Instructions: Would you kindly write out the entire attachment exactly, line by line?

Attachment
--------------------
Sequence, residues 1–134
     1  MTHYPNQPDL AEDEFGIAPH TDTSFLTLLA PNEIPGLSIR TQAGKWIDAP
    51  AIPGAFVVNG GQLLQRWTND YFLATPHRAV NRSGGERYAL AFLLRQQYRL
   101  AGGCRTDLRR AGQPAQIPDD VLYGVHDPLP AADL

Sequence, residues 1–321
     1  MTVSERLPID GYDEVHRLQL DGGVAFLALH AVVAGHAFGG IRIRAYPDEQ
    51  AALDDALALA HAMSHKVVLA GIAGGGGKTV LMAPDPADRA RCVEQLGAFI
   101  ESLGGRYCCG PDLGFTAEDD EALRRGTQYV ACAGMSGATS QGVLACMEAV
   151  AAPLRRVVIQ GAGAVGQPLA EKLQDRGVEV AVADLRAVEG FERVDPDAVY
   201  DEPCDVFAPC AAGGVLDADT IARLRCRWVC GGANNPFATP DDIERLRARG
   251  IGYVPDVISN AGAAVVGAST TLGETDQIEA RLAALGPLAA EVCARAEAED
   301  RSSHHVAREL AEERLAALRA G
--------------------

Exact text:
Sequence, residues 1–134
     1  MTHYPNQPDL AEDEFGIAPH TDTSFLTLLA PNEIPGLSIR TQAGKWIDAP
    51  AIPGAFVVNG GQLLQRWTND YFLATPHRAV NRSGGERYAL AFLLRQQYRL
   101  AGGCRTDLRR AGQPAQIPDD VLYGVHDPLP AADL

Sequence, residues 1–321
     1  MTVSERLPID GYDEVHRLQL DGGVAFLALH AVVAGHAFGG IRIRAYPDEQ
    51  AALDDALALA HAMSHKVVLA GIAGGGGKTV LMAPDPADRA RCVEQLGAFI
   101  ESLGGRYCCG PDLGFTAEDD EALRRGTQYV ACAGMSGATS QGVLACMEAV
   151  AAPLRRVVIQ GAGAVGQPLA EKLQDRGVEV AVADLRAVEG FERVDPDAVY
   201  DEPCDVFAPC AAGGVLDADT IARLRCRWVC GGANNPFATP DDIERLRARG
   251  IGYVPDVISN AGAAVVGAST TLGETDQIEA RLAALGPLAA EVCARAEAED
   301  RSSHHVAREL AEERLAALRA G